The Purple Rose of Cairo (1985)

Dir. Woody Allen. Starring Mia Farrow, Jeff Daniels, Danny Aiello

(Featured image links here)

In the past five or six years, I think we’ve been very anxious to find movies which remind us somehow of the past, to lighten our own sort of pessimism about the world at large, and to crown these films as “charming.” It began with The Artist, which featured a guy with a big smile, a talent for tap dancing, and a very cute dog. Make that movie with sound and it’s forgettable. Film it in black and white and make it a silent movie and people fell over themselves to love it. Midnight in Paris, which briefly recognizes that our own vision of what makes the past special is influenced entirely by our unsatisfying present and the almost unfair importance we place on that history, still managed to get most of its press for the way it portrays its Roaring Twenties characters. (I confess to laughing my butt off at Corey Stoll’s Ernest Hemingway.) And most recently, La La Land happened, a movie which has as many similarities to a Jacques Demy movie as I do, and we don’t need to litigate that any further. What I love about The Purple Rose of Cairo is that it never bends over backwards to prove to its viewers that it’s charming or old-fashioned. Farrow is so gentle and well-intentioned that we can’t help but like her in that drab brown coat. Jeff Daniels, wearing a pith helmet as often as not, is goofy and debonair by the standards of another time. The setting is just another period piece set during the Great Depression, a setting which is common enough to barely matter to us as viewers. The plot is like the postmodern inverse of Sherlock, Jr., which simply hangs over the film and is never alluded to in anything but the plot. Allen, for once, has a little self-restraint, and that makes the movie all the more fun. (Maybe part of the reason I enjoyed the movie is his absence from the screen; it’s the same reason that I love the first half of Hannah and Her Sisters.)

I loved the ending of the picture as much as anything else about it. Cecilia (Farrow) has managed to attract the attentions of both Tom Baxter, the fictional movie character come down from the screen, and Gil Shepherd (both Daniels). Tom has been over the moon with her, full of romantic phrases and gestures throughout. While he lives in our world, he crashes at an amusement park. It’s the perfect setting for him as he is. When in his proper milieu, Baxter is a thrill, a gadabout with different avenues of interest to please him; he’s come to New Jersey before the summer, before the amusement park will open and create those avenues for its own audience. The promise is still there, though, of excitement and pleasure and escapism from the darkness of the real world. Gil spends a little less time with Cecilia than Tom does, but he suits her in his own way. She accompanies him on the ukulele while he sings (seriously), and the two of them bond over a movie about Lindbergh he’s trying to nab the starring role in. She flatters him so sincerely that he seems sincerely taken with her. In the film’s climactic moment, she is forced to choose between two seemingly identical men. Despite the wonderful time she’s had with Tom and the terrific enjoyment she had with him, she chooses Gil. He’s real, after all. It is unsurprising, then, that once Tom has been returned to the screen, Gil and his Hollywood coterie return to Hollywood without Cecilia; their job is done. (Gil is not unaffected; the affection might never have been real, but he’s a careerist, not a sociopath. He fully understands what abandoning Cecilia will mean to her.) Cecilia’s husband, Monk (Aiello), yells at her and berates her, treating her like a maid. There are several references to him beating her, though the film never shows us that. Cecilia is bad at her job as a waitress and got fired early on in the movie. Monk hasn’t had work in years. It’s hard to blame her for making the sensible choice, for choosing something like real life. She’s been conditioned to prioritize real things, or at least to pin her hopes on real things, even if those real things have turned out to be drastic disappointments. The film doesn’t linger on this point, but somehow this might still be a better choice than living with Tom in his The Purple Rose of Cairo. The threat of multiple Toms coming down off the screen and doing God knows what (usually expressed as the twin nightmares of communist agitation and rape) forces the producer Raoul Hirsch (Alexander Cohen) to destroy all copies of the film as well as the negative. There’s a strong case to be made, based on the rules of this universe, that going Tom would have literally killed Cecilia.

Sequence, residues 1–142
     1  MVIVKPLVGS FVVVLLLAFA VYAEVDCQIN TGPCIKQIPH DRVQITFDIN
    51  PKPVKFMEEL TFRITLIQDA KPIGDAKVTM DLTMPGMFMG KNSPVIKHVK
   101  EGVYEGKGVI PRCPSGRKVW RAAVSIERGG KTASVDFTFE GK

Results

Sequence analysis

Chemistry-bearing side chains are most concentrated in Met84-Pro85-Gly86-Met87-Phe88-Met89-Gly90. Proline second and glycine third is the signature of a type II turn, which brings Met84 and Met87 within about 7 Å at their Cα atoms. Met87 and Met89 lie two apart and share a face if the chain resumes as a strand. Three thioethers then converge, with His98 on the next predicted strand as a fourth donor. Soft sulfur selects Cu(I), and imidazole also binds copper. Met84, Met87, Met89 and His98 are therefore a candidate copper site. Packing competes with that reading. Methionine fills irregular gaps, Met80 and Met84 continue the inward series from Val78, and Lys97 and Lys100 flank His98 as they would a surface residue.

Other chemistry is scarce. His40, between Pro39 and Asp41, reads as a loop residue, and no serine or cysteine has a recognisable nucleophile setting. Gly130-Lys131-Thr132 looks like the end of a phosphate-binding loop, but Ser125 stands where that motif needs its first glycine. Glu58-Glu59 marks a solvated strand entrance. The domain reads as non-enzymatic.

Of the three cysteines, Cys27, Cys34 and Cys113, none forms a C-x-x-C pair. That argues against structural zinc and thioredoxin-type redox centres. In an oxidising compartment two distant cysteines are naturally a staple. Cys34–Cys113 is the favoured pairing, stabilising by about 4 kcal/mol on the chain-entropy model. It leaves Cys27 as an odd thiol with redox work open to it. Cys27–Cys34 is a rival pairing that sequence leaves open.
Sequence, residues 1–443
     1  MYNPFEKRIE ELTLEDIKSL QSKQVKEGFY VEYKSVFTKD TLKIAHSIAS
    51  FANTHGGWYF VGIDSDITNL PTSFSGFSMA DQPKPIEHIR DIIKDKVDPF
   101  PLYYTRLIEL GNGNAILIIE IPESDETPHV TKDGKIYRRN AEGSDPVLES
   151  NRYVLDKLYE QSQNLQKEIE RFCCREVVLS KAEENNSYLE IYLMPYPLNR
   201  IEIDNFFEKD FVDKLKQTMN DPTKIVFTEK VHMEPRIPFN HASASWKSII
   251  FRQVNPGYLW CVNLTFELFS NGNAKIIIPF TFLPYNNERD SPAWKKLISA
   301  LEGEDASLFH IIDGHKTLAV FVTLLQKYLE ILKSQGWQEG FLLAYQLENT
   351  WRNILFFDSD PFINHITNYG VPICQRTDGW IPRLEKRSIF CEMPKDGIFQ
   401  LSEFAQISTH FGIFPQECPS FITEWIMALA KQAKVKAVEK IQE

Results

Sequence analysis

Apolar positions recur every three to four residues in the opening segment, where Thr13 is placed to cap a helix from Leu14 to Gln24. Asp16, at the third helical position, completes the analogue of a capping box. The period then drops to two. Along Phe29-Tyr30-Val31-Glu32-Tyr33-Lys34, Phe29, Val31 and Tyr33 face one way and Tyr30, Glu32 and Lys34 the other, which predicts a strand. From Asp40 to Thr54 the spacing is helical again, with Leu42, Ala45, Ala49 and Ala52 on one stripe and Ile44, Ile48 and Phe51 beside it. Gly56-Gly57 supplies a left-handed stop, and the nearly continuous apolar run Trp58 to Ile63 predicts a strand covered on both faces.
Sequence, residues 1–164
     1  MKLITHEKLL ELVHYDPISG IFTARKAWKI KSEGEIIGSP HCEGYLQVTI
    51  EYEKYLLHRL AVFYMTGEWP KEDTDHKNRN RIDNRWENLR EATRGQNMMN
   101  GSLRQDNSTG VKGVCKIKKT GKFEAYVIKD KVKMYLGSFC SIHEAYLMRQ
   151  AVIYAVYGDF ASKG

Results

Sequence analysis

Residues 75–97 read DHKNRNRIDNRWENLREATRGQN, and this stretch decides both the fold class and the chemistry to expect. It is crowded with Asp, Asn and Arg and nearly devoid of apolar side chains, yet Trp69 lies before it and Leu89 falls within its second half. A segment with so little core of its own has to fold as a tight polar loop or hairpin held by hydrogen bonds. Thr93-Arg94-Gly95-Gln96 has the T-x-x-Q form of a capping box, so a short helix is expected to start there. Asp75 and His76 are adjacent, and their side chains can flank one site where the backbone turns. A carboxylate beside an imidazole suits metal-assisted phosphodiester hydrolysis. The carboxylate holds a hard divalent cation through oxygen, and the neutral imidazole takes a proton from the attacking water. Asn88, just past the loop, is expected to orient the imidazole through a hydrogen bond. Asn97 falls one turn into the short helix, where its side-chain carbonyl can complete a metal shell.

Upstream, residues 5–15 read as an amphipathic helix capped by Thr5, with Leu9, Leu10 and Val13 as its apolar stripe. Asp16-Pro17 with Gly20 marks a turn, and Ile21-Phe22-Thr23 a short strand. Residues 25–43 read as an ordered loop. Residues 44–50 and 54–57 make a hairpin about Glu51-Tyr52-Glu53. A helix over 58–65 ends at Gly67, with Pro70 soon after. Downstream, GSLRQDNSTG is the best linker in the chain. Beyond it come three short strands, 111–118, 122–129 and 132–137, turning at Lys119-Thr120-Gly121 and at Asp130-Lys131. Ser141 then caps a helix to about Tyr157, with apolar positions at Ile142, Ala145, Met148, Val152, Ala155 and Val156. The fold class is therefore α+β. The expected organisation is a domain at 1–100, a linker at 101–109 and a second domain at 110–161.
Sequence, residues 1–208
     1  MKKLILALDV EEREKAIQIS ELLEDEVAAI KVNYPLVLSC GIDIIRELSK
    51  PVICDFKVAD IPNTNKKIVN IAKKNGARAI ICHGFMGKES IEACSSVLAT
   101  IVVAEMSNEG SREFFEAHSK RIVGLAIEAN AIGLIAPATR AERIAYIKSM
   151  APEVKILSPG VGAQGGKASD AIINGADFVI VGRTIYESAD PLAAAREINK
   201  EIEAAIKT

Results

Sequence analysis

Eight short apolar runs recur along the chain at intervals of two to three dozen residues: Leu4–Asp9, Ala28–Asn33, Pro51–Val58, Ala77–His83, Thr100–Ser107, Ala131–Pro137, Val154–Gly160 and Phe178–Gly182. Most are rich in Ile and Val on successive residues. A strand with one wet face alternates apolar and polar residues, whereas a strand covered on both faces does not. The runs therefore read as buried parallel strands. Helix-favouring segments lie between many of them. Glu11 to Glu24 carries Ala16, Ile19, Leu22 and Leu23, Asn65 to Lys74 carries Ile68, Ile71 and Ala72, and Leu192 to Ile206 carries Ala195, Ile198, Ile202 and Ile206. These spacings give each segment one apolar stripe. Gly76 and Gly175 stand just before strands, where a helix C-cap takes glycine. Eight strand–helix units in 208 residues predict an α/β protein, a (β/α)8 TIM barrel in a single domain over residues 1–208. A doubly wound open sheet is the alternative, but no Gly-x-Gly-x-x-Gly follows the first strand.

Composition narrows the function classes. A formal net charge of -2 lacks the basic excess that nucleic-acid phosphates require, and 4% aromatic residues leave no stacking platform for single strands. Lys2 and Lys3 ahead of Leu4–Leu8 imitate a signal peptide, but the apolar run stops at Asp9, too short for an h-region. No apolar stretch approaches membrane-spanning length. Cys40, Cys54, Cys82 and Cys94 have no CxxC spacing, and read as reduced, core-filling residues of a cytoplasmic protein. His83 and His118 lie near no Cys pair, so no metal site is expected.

None of this is really the ending of the movie. The ending of the movie is “Cheek to Cheek,” the song-and-dance sequence from George Stevens’ Top Hat. Fred Astaire and Ginger Rogers, as true a pair of escapist Depression darlings as anyone this side of Shirley Temple, dance their way across the terrace. And even in the totality of her despair, in the abyss of her shame for having been hoodwinked, carrying her suitcase into the theater, Cecilia manages to recognize the magic of the film on the screen. Her face is still streaked with tears but she starts to smile anyway. Fred Astaire is not going to come down off the screen and offer Cecilia a second chance; Tom Baxter’s escape from his film is unique. And when the lights come back on and the people start to shuffle out, the reels will go back into their boxes and the projector will shut down and Cecilia will have to decide if she’s going to return, tail between her legs, to her abusive husband who she’s already left twice in the span of a couple days. She will have no job and no prospects for any. She will still be ashamed. But the movie takes all of that away. The film has magic in its fabric even when its characters don’t start conversations and affairs with adoring audience members. I don’t know that film ought to function solely as escapism, but The Purple Rose of Cairo manages to honor that heritage; there’s a truth to this idea of understanding our lives almost entirely through the screen for an hour or two or three (or, if we’re lucky and patient, even four). Furthermore, it recognizes how sometimes a movie can change the way we live for a little while. None of us have had the experience of hosting a handsome, well-off, dashing amateur Egyptologist direct from a movie screen, but I think all of us have been left with the sensation of running over our memories of a film after we see what’s happened, playing back the scariest and funniest, most intimate and most sensational moments. We recite the lines with our friends and we look up clips on YouTube. I’m scared to watch Marx Brother movies anymore because I unconsciously find myself talking like Groucho for an hour or two after the film end. In the same way that our speech is a material thing since soundwaves push air molecules around, so too are our memories of a film in the way that neurons are, though infinitesimally small, still tangible. It may not be as physical as Tom Baxter, but he’s just a special case. Loving a movie means making our own Toms through discussion and recollection, and that point is hammered home as we watch Mia Farrow’s face light up watching Astaire and Rogers float on tile.